This report also provides details on complaints that were received by the Energy Ombudsman. The data from the Energy Ombudsman covers 1st January 2018 – 31st December 2018. During this 12-month period:

  • There were 83 complaints within the Ombudsman’s terms of reference (TOR)
  • The majority of complaints were due to billing (60%)
  • Of complaints within the TORs, 63% were upheld by the Ombudsman and a further 23% reached a Mutually Acceptable Solution
  • A goodwill payment was awarded in 72% of cases, the average award was £105.61

For the first time, Heat Trust has been able to include data on debt and supply suspensions. The report notes that this is an area of importance and in particular, identifies areas for improvement to support debt management.

“Our work has focused on setting minimum standards and collecting data to build a picture of current practices. We continue to work with stakeholders across the market to support the sector and champion good outcomes for heat network customers. A government consultation setting out the first proposals on heat network regulation is expected next year. We look forward to sharing our experience and knowledge with stakeholders, governments and indeed a future regulator to support development of a robust regulatory framework.”

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Friday 24th May 


Today Heat Trust has published a consultation as part of work to update its Heat Cost Calculator.

Heat Trust launched its Heat Cost Calculator (HCC) in 2016 to provide customers living on heat networks an indication of what it would cost to heat a similar sized property using an individual gas boiler.

Although the HCC cannot provide a bespoke assessment, Heat Trust has developed the tool to encourage better transparency in the market on heat charges by providing customers a tool that allows them to compare against a common alternative.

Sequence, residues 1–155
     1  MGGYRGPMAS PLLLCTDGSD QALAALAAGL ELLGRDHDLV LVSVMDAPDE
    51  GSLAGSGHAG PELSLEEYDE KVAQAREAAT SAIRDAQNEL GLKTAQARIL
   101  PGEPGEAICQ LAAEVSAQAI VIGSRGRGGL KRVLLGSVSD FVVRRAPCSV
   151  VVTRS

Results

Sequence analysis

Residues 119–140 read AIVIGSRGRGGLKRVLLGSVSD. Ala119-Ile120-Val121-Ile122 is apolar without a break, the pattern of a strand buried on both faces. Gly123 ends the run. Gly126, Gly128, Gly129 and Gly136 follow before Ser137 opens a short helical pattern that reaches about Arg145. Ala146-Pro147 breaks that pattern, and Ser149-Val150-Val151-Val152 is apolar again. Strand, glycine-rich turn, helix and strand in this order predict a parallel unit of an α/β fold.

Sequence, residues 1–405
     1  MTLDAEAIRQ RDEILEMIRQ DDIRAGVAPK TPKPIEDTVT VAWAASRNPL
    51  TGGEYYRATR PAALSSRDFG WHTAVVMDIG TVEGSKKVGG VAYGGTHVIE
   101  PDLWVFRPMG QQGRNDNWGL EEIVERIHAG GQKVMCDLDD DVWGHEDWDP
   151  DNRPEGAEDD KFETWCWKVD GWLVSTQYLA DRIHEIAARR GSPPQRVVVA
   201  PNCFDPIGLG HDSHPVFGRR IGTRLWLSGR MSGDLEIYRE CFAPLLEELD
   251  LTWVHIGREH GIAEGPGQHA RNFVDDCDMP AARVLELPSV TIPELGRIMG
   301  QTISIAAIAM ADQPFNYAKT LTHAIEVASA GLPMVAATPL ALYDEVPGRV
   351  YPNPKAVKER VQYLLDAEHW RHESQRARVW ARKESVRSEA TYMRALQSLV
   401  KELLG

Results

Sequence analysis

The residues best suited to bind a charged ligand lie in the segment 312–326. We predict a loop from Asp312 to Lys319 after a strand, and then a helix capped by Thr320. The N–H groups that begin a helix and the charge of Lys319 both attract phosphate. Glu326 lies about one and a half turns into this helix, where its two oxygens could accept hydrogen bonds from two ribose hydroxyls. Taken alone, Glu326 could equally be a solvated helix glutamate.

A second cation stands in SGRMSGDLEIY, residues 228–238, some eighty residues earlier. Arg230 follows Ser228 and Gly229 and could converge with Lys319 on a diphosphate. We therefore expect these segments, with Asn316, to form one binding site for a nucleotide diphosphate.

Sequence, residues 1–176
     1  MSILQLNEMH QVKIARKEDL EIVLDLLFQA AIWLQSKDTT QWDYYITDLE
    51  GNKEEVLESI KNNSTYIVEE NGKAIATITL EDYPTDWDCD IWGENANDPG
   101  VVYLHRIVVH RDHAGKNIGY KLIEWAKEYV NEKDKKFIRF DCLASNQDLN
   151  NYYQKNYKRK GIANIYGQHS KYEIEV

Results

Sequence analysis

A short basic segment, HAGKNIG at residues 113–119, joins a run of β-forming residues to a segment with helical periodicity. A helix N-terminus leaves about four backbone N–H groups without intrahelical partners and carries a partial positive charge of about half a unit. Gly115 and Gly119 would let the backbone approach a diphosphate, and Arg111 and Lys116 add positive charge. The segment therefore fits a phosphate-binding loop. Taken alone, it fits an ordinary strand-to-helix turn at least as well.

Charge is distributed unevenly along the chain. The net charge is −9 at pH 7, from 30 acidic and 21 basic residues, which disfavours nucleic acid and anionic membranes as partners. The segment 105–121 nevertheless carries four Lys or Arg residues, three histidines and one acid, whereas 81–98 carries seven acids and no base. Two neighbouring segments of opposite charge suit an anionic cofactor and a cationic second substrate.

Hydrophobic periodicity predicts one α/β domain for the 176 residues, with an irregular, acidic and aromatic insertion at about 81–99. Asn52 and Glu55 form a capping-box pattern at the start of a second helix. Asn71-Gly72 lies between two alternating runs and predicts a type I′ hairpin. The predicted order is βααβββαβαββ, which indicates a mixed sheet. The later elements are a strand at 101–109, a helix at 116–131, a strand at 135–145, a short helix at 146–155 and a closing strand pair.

The majority of space heating in the UK is provided by gas boilers, which is the alternative used in the current HCC. However, a growing number of UK properties use electricity as a heating fuel. Electric heating is becoming more common in flats where heat demand is lower and / or the number of floors in the building prevents gas being used on safety grounds.

Heat Trust therefore recognises that it would be helpful to expand the HCC to include electric heating.

Bindi Patel, Head of Scheme at Heat Trust said:

“The Heat Cost Calculator allows customers to gain an indication of the annual heating and hot water costs for a similar-sized property assuming it had a modern gas boiler.

Recognising that for a growing number of properties the alternative is more likely to be electric heating, Heat Trust has been working to expand its HCC to include electric heating.

We are keen to receive feedback on the proposed formulas and look forward to engaging with stakeholders further as our work develops”

 The consultation published today seeks feedback on the formulas for electric panel heaters and electric storage heaters. The consultation also asks for views data for other renewable technologies where publicly available data is limited.

Responses to the consultation should be received by Monday 8th July 2019.  The consultation can be accessed here.